KRG Prime Minister, Deputy dispute over Peshmerga Minister appointment

SULAIMANI, Kurdistan Region — The ongoing disputes between Kurdistan Region Prime Minister Masrour Barzani and his Deputy Qubad Talabani regarding the appointment of a Peshmerga Minister have heightened and are now drawing the attention of coalition forces.

Last week, Barzani and Talabani mismatched over the selection of a minister for the Peshmerga Ministry within the Kurdistan Regional Government (KRG).

During a meeting with Major General Joel Vowell, commander of the Combined Joint Task Force-Operation Inherent Resolve, and his delegation in Erbil, Prime Minister Barzani discussed the urgent need for reforms within the Peshmerga Ministry, as well as efforts to unify and reorganize the Peshmerga forces.

Barzani emphasized the importance of expediting the unification process of the Kurdistan Democratic Party (KDP) and the Patriotic Union of Kurdistan (PUK) forces within the ministry, in line with the Ninth Cabinet’s reform agenda. He expressed concerns about the potential interference of political parties and personal interests within the ministry.

“We also stressed the need to support our efforts to appoint a new minister capable of implementing the government’s rigorous reform agenda,” PM Barzani added.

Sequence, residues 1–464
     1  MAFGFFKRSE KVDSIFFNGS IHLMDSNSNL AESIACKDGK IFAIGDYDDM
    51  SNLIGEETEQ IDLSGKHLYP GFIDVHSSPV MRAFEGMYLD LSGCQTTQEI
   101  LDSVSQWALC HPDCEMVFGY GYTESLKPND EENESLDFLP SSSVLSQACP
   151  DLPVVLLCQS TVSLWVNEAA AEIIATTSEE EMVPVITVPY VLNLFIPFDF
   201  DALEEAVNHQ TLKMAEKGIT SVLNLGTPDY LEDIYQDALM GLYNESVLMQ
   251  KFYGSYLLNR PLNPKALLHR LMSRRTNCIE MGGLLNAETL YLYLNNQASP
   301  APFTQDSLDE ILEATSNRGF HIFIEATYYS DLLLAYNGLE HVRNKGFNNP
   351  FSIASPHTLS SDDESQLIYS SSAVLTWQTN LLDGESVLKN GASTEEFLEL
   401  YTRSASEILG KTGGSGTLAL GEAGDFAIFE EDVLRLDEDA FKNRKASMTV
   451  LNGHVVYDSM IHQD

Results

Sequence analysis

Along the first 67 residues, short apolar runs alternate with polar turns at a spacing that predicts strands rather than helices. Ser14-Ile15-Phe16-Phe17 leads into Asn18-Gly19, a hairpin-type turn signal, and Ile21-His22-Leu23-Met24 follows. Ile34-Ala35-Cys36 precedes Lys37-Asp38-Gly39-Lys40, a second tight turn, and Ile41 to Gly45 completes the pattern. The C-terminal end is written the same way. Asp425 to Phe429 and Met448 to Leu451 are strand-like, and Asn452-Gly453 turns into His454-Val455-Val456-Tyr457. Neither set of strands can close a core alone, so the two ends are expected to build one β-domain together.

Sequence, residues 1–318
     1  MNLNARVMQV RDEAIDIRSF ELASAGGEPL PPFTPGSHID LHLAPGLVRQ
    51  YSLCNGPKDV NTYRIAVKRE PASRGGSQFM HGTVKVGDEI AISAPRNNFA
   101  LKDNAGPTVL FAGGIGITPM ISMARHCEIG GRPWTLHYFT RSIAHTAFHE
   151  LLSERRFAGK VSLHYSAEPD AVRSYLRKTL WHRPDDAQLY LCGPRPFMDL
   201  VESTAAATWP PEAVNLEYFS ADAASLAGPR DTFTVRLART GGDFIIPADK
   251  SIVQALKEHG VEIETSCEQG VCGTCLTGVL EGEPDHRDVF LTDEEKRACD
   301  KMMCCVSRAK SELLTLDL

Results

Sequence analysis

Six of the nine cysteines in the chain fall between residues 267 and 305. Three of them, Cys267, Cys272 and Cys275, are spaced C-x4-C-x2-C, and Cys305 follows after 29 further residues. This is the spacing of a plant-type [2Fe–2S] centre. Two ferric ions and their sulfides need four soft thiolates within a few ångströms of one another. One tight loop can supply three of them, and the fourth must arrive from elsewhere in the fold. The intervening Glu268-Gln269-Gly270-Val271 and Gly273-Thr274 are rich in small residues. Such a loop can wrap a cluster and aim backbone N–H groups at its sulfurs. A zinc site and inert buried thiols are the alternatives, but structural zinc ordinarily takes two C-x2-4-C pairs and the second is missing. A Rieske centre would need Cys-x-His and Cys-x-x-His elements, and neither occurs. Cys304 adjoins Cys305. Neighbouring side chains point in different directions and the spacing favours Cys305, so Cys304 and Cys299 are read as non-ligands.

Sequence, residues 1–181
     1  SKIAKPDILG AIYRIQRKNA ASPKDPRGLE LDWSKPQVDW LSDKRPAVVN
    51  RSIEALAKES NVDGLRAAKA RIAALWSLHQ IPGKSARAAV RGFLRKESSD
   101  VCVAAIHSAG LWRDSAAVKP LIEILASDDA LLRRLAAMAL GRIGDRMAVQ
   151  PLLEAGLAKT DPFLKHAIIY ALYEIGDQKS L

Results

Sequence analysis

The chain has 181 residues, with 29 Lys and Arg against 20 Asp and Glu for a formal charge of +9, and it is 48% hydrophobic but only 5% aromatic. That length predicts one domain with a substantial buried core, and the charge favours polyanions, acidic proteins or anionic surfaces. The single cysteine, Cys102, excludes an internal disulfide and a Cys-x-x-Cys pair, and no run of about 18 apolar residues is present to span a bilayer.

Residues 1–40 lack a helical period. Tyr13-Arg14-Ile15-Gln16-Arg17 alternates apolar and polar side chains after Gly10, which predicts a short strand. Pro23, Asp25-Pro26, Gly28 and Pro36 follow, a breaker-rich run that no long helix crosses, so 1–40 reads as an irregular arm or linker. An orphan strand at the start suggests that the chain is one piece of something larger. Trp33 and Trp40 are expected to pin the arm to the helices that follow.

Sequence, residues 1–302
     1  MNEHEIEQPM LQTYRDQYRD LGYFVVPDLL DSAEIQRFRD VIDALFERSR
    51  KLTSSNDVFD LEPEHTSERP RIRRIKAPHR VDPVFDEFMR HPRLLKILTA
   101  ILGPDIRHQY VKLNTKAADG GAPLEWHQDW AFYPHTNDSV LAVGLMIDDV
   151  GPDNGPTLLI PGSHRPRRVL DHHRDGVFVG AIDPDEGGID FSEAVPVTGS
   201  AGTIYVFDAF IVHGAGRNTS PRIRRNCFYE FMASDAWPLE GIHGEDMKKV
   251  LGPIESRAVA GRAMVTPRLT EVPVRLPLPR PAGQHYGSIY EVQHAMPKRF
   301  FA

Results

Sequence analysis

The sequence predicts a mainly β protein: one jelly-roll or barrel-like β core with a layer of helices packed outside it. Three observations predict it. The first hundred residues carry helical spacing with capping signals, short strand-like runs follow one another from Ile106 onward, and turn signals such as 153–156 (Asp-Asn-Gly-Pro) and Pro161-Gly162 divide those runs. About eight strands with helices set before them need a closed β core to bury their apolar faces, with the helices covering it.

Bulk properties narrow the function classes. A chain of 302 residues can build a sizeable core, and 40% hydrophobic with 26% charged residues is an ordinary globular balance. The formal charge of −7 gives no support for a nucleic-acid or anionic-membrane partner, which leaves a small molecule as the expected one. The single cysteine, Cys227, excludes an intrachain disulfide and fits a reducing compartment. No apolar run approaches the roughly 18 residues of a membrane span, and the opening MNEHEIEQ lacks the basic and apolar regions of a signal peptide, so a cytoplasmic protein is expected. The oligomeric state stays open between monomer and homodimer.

However, Deputy Prime Minister Talabani, following his meeting with MG Vowell, confirmed their mutual agreement on the appointment of an acting Peshmerga Minister to facilitate progress within the ministry. However, he refrained from disclosing the name of the PUK party’s nominee.

Both Barzani and Talabani have voiced their concerns with the coalition delegation, citing frustration with the slow pace of reforms within the ministry. Talabani attributes the delay in the reform process to the absence of a Peshmerga Minister.

The Peshmerga Ministry was assigned to the PUK party during the formation of the Ninth Cabinet of the KRG. However, at the request of the PUK, Minister Shorsh Ismael has been absent from the ministry for the past ten months.

The Kurdistan Parliament’s inactivity has hindered the PUK’s ability to nominate a new minister. In recent weeks, the PUK has attempted to nominate Dara Rashid for the position. Still, Prime Minister Barzani’s assertion that the selected minister must be “capable of implementing the government’s rigorous reform agenda” suggests his disagreement with the PUK’s choice.

This dispute emerged only four months after the PUK ministerial team ended their seven-month boycott of KRG Council of Ministers meetings. The disagreement over the Peshmerga Minister position appears to reignite tensions among the top government officials.

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